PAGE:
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Viscosity and temperature, density is changing...

  1. Jun 20, 2017 #1

    MPZ

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    1. The problem statement, all variables and given/known data
    Hi, I am doing physics lab on finding coefficient viscosity of fluids and how it changes by temperature by dropping a marble into fluids, finding terminal velocity, then using stoke's law to find viscosity. (using density of fluid, sphere, sphere diameter etc). The equation is found here https://en.wikipedia.org/wiki/Stokes'_law under Terminal Velocity.... I have just realized something and encountered a problem. For this experiment to work, the fluid at all temperatures should have the same density, however changing the temperature will change the density!!! How can I keep the density constant? Does what I am saying make sense?

    2. Relevant equations
    The equation of stoke's law is found here https://en.wikipedia.org/wiki/Stokes'_law under Terminal Velocity. It is derived when the viscous drag force plus the buoyant force equal the weight of the ball at terminal speed

    3. The attempt at a solution
    Trying to find a way to keep density constant but no success yet!
     
  2. jcsd
  3. Jun 20, 2017 #2
    You can't keep density constant if the temperature is changing. For most common fluids, there should be tables of density vs. temperature that you could find. Failing that, you can just assume the density is constant - there will be some inaccuracy in your result, but it should not be huge. Generally viscosity varies with temperature much more than density. For example, between 10 and 80°C, the density of water decreases by about 3%, but its viscosity decreases by about 70%. (http://www.viscopedia.com/viscosity-tables/substances/water/) The density of the marble will also change, but much less than that of the fluid.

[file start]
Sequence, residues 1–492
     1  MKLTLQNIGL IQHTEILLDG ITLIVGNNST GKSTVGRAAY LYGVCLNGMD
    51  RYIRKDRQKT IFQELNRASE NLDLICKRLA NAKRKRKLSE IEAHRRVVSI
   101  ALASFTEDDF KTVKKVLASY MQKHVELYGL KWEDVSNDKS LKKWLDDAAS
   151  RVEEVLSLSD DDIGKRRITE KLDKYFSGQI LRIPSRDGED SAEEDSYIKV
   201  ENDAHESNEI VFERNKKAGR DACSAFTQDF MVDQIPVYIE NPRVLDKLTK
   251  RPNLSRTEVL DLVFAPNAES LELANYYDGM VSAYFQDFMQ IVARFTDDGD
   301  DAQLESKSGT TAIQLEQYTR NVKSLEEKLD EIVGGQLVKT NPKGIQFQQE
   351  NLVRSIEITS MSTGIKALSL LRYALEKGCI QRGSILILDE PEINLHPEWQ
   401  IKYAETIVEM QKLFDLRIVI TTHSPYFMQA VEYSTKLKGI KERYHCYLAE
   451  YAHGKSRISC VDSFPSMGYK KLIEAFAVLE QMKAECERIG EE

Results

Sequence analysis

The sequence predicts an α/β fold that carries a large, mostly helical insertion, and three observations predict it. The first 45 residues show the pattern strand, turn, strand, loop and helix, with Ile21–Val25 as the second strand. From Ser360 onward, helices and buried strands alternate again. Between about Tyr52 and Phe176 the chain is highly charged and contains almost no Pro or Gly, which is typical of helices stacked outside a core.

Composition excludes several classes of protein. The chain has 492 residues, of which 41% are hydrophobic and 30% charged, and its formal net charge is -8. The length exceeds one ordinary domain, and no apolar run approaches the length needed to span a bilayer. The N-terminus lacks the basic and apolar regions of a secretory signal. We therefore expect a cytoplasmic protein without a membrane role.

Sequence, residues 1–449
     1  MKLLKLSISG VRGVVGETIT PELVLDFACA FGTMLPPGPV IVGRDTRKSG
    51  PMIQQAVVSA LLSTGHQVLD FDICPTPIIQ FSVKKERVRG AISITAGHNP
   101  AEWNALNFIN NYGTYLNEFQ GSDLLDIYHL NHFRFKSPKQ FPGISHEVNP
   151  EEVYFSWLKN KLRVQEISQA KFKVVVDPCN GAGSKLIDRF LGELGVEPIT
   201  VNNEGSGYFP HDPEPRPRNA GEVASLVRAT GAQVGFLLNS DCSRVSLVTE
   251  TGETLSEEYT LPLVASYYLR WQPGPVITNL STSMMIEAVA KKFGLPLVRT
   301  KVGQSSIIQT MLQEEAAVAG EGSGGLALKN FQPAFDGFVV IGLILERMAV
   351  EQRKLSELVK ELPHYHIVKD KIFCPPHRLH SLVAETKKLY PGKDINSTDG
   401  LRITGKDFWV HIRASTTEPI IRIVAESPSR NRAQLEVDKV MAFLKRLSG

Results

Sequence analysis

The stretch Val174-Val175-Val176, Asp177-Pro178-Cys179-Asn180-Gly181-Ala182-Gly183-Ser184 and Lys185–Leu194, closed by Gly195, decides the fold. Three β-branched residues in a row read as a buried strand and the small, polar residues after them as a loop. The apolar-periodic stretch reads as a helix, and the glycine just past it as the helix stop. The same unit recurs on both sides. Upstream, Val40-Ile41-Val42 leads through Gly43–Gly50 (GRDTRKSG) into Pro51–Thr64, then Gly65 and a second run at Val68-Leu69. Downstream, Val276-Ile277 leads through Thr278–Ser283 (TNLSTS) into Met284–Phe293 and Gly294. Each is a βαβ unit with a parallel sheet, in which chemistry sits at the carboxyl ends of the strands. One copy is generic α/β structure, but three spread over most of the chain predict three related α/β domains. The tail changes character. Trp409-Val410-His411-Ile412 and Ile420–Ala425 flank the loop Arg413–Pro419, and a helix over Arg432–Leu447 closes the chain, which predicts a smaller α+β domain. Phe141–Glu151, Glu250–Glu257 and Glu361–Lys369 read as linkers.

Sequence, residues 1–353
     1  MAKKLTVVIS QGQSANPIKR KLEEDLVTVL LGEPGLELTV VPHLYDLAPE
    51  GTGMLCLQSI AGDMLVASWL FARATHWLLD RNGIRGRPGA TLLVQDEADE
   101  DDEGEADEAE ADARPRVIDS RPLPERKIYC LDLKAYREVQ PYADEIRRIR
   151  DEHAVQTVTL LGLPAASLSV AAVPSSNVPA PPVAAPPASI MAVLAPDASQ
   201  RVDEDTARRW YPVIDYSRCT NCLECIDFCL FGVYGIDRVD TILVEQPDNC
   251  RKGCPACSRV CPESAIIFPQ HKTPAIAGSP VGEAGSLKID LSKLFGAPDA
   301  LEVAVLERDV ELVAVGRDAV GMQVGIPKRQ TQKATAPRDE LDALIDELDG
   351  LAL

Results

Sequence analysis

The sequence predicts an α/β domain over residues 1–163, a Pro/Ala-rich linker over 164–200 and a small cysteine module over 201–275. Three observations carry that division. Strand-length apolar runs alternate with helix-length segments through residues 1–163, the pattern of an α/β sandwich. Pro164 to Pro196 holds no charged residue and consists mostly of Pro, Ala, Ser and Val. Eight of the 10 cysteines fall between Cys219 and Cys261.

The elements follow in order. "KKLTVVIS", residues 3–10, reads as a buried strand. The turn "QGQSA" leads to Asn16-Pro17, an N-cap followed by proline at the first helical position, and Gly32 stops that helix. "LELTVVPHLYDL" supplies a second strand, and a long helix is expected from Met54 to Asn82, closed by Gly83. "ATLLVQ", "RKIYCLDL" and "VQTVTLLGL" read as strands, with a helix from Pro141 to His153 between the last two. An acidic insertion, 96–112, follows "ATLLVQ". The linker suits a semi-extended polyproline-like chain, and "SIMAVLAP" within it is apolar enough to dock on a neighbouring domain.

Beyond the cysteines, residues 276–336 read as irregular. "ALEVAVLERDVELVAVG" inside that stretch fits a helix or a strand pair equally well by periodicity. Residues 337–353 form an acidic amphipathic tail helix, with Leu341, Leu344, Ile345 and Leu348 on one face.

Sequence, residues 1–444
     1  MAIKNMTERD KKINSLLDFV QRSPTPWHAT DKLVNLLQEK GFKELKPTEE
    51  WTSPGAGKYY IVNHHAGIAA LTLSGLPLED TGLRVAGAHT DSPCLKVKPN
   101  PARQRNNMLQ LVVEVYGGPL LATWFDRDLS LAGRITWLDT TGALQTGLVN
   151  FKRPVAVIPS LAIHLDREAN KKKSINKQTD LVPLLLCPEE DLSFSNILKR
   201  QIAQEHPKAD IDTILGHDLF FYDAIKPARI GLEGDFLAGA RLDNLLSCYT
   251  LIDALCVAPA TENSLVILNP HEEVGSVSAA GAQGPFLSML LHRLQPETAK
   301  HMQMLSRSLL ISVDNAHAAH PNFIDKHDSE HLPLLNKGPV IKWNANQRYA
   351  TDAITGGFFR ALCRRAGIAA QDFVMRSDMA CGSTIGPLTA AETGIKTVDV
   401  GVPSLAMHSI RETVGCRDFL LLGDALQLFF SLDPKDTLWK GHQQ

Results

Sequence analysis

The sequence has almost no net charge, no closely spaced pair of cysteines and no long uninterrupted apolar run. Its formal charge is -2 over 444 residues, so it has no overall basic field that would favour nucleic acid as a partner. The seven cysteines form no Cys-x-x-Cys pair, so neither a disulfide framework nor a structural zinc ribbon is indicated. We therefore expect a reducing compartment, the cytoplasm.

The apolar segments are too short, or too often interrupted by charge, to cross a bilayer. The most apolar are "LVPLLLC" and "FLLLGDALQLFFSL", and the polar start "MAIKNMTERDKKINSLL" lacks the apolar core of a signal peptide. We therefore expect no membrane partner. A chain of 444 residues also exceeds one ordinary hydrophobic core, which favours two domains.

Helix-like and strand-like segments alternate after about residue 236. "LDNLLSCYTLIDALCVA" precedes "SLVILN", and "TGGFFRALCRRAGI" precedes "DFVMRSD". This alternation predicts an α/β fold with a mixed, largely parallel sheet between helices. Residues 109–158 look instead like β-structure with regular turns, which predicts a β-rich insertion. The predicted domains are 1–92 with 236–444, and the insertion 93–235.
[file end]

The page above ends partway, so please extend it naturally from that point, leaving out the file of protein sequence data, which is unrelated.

4. Jun 20, 2017 #3

    MPZ

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    will this be ok for my lab. do you think I should calculate the density for every temperature of the fluid and substitute it into stoke's equation? thanks
     
  5. Jun 20, 2017 #4
    If you have reliable density-temperature data, yes.
     
  6. Jun 20, 2017 #5

    MPZ

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    what if i calculate the density myself?
     
  7. Jun 21, 2017 #6
    Again, if you have a reliable density vs. temperature equation. How were you going to calculate the density?
     
  8. Jun 21, 2017 #7

    MPZ

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    finding mass of fluid and using density=mass/volume for every temperature
    Do you have an idea of a procedure that will show the relation between viscosity and temperature??
     
  9. Jun 21, 2017 #8
    Ah, you're going to measure it. (To be really accurate, you'd have to account for the thermal expansion of your volume-measuring container, but this is likely to be small compared to that of the fluid.)
    Measure it. Isn't that what you were going to do?
     
  10. Jun 21, 2017 #9

    MPZ

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    Will it be ok to assume that the density of the marble and fluid is constant since the decrease will be 2 to 3% and use the value of the density at room temperature? Or will that make my lab report stupid?
    also, will this assumption still make me observe the relation between viscosity and temperature?
     
  11. Jun 21, 2017 #10